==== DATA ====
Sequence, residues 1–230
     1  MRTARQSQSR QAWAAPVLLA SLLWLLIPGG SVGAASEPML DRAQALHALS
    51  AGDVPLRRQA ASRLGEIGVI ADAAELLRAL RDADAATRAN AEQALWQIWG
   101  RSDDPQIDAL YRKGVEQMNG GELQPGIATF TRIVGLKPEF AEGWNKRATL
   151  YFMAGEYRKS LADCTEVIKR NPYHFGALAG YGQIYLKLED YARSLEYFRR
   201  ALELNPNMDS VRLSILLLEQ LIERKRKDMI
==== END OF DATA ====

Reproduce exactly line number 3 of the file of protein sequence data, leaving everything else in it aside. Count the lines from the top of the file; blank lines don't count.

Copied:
    51  AGDVPLRRQA ASRLGEIGVI ADAAELLRAL RDADAATRAN AEQALWQIWG